On one level, this effort to disentangle impeachment from criminal law is both helpful and necessary, for there are indeed important distinctions between the two. For one, as Charles Black observed decades ago, many of the procedural aspects of an impeachment trial need not and should not “be treated like the same things in a criminal trial.” Tribe and Matz echo this point, observing, for example, that “the right against self-incrimination” may not apply “to the president in an impeachment proceeding” (p. 157), and that the senators sitting in judgment come together not simply as “a jury” charged with deciding the facts but also “as a court” empowered to “overrule” legal determinations made by the Chief Justice (pp. 80, 133). More significantly, Tribe and Matz strenuously reject the argument “that only criminal offenses are impeachable,” which they view as “deeply and profoundly wrong” (p. 45). Rather, they define the power to impeach more broadly as the “power to remove out-of-control presidents,” regardless whether a federal crime has technically been committed (p. 10). Finally, and perhaps most importantly, Tribe and Matz distinguish between the basic judgment at issue in a criminal trial and the judgment called for in an impeachment: Senators, they explain, “may consider practical, moral, and political factors that have no place in a well-constituted court of law” and that may “have little to do with the president’s guilt or innocence of the alleged abuses” (pp. 80, 198).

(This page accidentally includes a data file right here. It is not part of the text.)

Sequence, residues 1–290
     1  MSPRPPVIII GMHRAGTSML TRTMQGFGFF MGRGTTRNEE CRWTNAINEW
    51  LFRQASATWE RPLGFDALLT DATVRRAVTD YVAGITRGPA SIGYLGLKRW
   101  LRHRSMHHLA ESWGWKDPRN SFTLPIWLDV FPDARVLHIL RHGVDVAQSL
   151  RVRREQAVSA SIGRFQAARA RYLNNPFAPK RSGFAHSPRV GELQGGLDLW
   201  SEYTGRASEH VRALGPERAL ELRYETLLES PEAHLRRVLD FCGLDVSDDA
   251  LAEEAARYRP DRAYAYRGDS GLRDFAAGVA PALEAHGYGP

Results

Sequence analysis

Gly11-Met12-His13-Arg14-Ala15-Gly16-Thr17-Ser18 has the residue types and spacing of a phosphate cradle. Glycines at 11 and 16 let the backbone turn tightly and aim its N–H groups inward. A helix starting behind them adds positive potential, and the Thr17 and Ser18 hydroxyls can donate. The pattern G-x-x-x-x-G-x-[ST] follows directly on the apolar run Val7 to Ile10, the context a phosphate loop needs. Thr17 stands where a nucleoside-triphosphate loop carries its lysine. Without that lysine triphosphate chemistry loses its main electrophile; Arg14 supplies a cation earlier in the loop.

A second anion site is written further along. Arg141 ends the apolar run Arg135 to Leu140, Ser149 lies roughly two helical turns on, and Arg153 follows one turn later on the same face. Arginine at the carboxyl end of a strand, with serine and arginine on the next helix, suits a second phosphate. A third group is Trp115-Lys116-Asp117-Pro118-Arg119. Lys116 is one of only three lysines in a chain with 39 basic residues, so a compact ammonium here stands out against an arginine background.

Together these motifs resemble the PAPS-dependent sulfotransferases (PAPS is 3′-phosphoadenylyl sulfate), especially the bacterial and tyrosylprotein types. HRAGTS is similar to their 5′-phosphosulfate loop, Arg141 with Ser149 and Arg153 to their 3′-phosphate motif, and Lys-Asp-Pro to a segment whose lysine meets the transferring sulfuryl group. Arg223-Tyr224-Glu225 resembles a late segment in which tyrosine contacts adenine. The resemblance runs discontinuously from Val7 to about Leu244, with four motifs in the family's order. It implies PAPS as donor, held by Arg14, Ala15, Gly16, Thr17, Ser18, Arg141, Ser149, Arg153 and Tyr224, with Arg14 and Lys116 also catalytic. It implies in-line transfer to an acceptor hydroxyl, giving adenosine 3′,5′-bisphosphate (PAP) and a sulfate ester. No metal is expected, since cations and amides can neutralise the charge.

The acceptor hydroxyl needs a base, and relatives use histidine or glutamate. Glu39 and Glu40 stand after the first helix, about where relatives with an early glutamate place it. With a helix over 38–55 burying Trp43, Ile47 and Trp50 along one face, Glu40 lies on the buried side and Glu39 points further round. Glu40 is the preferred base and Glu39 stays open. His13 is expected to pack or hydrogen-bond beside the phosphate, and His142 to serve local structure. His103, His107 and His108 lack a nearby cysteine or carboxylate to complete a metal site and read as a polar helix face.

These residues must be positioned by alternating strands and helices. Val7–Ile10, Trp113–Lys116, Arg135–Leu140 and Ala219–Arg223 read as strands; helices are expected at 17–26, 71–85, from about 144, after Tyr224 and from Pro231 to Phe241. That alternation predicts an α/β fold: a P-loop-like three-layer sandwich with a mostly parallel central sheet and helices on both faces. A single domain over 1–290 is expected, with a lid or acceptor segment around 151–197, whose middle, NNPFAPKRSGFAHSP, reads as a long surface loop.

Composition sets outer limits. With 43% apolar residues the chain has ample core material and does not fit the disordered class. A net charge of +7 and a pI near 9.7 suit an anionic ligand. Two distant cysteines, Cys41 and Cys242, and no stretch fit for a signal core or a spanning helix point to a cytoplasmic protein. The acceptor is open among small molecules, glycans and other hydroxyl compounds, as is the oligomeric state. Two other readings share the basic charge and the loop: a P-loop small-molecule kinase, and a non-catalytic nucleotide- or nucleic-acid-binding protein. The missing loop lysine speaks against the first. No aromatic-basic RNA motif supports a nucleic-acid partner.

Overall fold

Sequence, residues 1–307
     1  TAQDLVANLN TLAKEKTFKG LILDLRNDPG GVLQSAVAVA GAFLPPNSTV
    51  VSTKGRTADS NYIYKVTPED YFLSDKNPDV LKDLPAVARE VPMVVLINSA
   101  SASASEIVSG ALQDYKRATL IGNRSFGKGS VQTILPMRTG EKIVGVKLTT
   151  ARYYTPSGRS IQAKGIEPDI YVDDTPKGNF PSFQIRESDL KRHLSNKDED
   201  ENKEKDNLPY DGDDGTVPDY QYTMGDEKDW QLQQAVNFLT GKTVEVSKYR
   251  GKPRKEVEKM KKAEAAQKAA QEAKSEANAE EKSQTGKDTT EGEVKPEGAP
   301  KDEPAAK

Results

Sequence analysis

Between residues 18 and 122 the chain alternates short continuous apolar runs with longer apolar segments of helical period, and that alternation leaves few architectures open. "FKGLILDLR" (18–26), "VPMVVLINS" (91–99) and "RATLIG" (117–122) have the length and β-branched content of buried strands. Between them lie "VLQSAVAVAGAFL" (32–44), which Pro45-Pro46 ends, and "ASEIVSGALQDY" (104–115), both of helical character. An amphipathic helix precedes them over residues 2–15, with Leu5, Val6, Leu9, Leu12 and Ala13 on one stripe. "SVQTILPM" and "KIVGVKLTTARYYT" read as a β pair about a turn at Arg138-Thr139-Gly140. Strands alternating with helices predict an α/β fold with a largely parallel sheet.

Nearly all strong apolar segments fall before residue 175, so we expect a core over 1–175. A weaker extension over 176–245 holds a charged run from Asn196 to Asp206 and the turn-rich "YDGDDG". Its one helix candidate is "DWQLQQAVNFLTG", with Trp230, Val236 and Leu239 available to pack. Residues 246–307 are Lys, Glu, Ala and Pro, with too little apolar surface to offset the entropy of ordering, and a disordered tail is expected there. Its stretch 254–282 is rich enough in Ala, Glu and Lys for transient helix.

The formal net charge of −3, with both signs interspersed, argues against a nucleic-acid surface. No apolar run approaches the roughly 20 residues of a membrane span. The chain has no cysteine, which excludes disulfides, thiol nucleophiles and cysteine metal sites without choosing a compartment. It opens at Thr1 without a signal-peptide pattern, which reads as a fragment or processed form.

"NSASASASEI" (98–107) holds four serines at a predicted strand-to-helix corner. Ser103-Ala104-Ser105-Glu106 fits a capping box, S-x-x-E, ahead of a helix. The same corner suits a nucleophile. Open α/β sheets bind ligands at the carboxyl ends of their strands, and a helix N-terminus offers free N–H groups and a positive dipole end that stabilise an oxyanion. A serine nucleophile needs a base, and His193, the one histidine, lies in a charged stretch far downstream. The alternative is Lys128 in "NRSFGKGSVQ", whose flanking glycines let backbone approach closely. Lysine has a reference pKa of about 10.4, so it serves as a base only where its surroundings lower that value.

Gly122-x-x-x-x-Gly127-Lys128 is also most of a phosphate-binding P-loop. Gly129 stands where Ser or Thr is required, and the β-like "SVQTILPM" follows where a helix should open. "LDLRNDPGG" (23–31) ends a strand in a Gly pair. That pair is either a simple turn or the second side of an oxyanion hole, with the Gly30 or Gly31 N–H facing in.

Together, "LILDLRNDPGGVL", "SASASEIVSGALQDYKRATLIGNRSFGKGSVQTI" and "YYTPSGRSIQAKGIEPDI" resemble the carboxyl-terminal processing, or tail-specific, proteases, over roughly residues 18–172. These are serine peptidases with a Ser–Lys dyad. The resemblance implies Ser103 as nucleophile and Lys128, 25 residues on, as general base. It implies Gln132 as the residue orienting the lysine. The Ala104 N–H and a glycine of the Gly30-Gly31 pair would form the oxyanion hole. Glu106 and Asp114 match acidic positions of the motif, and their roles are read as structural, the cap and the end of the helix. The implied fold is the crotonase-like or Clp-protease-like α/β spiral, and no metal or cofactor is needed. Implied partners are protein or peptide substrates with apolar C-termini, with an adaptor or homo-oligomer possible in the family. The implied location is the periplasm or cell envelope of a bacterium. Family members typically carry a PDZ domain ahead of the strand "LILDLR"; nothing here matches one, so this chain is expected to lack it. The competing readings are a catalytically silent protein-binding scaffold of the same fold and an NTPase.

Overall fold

Taking all of these considerations together, one might conclude that, facial similarities aside, impeachment and criminal law are so inherently distinct that it is at best confusing, at worst dangerous, to mix the two together. At times, Tribe and Matz appear to endorse this view, warning us that “jamming” debates about impeachment “into a criminal law framework often obscures what’s really at stake.” Indeed, they worry that doing so risks transforming foundational questions of democracy into technical questions that “seem legalistic and dry,” and that ultimately distort “public dialogue about impeachment” by moving it beyond the ken of “ordinary Americans” into the “province of fancy lawyers” (pp. 52, 45). One might quibble with the notion that criminal law—which has spawned countless hit television shows and podcasts, not to mention nightly news bulletins—is too fancy for the ordinary among us. But the broader point is well taken: As Tribe and Matz rightly explain, “it makes little sense to blindly transplant . . . criminal law doctrines . . . into the Impeachment Clause” (p. 32).